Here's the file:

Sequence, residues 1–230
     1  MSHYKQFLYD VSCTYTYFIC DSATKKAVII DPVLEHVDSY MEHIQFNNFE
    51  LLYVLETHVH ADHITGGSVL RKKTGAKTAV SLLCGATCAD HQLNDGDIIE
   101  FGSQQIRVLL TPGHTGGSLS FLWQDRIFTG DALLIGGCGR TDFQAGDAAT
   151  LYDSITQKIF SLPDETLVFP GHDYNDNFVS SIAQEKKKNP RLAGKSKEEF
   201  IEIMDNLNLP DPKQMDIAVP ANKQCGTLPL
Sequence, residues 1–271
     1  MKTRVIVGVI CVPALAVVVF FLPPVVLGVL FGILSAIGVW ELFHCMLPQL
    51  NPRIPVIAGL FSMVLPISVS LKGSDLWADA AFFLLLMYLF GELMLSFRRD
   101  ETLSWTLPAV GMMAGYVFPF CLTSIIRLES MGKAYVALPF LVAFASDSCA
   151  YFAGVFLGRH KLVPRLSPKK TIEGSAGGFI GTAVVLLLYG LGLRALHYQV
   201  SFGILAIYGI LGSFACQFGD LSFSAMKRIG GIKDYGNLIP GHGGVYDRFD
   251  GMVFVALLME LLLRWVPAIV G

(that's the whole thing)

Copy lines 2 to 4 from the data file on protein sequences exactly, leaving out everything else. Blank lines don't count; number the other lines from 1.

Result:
     1  MSHYKQFLYD VSCTYTYFIC DSATKKAVII DPVLEHVDSY MEHIQFNNFE
    51  LLYVLETHVH ADHITGGSVL RKKTGAKTAV SLLCGATCAD HQLNDGDIIE
   101  FGSQQIRVLL TPGHTGGSLS FLWQDRIFTG DALLIGGCGR TDFQAGDAAT